Plant Trees Now for Shade and Relaxation Later!
In Oregon, fall is prime time to plant those large shrubs and trees. Just as the heat and sun fade outside your house and inside your mind, it’s time to plan for the future. Trees and shrubs are the backbones of your landscape, and creating those shady areas to enjoy with a glass of lemonade in the heat of summer, hinge on having a well established plant palette.
In order to get that sweet, sweet shade garden in a few years, planting trees that provide shade and overhead canopy can really transform the micro-climate of your landscape. Those hot, sweltering, summer days are behind us for the year, but now is the time to prepare for the future of your landscape. Planting trees in your landscape and within a safe distance of your house, can greatly decrease the amount of heat you experience at home. Before you know it, you’ll be sipping lemonade in a hammock tied between two trees with lots of privacy and beauty around you!
So if you want to avoid this:
To create this (after a few years):
Rain! Nature’s Watering Can
All that rain this part of Oregon is known really comes in handy when new trees and shrubs are planted or transplanted. The rain generally takes care of the watering while plants are getting established. Since most, if not all of the plants have already entered their dormancy, their respiration rate and nutritional needs slow to a minimum, and the plant’s demand for water is less in cool and rainy fall weather.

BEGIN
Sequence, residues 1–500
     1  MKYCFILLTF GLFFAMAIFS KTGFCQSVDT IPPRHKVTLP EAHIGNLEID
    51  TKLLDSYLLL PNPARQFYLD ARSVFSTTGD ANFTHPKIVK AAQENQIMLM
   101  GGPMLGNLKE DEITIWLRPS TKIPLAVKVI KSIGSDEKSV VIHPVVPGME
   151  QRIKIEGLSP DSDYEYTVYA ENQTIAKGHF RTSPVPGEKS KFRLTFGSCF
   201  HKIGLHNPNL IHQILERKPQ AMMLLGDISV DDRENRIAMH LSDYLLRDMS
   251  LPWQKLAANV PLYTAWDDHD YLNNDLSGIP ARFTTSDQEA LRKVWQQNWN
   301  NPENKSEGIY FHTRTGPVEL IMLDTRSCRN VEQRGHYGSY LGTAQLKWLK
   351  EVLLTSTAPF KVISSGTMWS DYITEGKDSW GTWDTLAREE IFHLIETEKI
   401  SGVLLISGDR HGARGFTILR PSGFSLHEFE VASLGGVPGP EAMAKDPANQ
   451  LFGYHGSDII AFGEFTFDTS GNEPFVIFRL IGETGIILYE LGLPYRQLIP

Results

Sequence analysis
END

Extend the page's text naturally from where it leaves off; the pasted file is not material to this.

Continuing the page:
It’s Time for the Roots to Shine
Photo via Shutterstock
Since growth comes to a halt in the upper branches in the fall, the plant can devote its energy to growing a stronger root system, which will ultimately support better foliage growth in spring! In addition, soil temperatures are still warm, which creates an excellent environment for the production of new root growth. When planting and transplanting plants, they can go into an initial shock that is mostly caused by the demand of the plant tops for water and the limited ability of the root system to supply it. In the fall, the plant has a better chance of quick recovery, especially if it has a chance to develop new roots before the next growing season. Planting your large shrubs and trees in the fall keeps them from toppling over!
The Cooler Air is a Blessing
Intense heat is a major enemy to newly planted saplings. Above ground in the fall, the cooler air is kinder to plant foliage, and it reduces the chances of an energy-zapping chain reaction throughout the rest of the plant. That summer heat can really do a number on plants not yet established even when we take great care of them!